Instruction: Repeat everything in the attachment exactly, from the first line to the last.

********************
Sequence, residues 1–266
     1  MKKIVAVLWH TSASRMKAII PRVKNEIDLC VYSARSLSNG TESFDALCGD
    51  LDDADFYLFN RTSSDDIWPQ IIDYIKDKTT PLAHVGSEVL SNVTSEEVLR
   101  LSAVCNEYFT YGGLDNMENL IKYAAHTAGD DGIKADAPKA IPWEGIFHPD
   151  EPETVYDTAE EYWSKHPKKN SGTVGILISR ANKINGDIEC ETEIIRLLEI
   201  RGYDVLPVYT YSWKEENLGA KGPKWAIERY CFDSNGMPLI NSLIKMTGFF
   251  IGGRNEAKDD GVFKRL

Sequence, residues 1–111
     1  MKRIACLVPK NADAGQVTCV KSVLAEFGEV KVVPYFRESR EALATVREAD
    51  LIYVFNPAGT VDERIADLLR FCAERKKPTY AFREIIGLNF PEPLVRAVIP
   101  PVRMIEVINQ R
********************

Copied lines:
Sequence, residues 1–266
     1  MKKIVAVLWH TSASRMKAII PRVKNEIDLC VYSARSLSNG TESFDALCGD
    51  LDDADFYLFN RTSSDDIWPQ IIDYIKDKTT PLAHVGSEVL SNVTSEEVLR
   101  LSAVCNEYFT YGGLDNMENL IKYAAHTAGD DGIKADAPKA IPWEGIFHPD
   151  EPETVYDTAE EYWSKHPKKN SGTVGILISR ANKINGDIEC ETEIIRLLEI
   201  RGYDVLPVYT YSWKEENLGA KGPKWAIERY CFDSNGMPLI NSLIKMTGFF
   251  IGGRNEAKDD GVFKRL

Sequence, residues 1–111
     1  MKRIACLVPK NADAGQVTCV KSVLAEFGEV KVVPYFRESR EALATVREAD
    51  LIYVFNPAGT VDERIADLLR FCAERKKPTY AFREIIGLNF PEPLVRAVIP
   101  PVRMIEVINQ R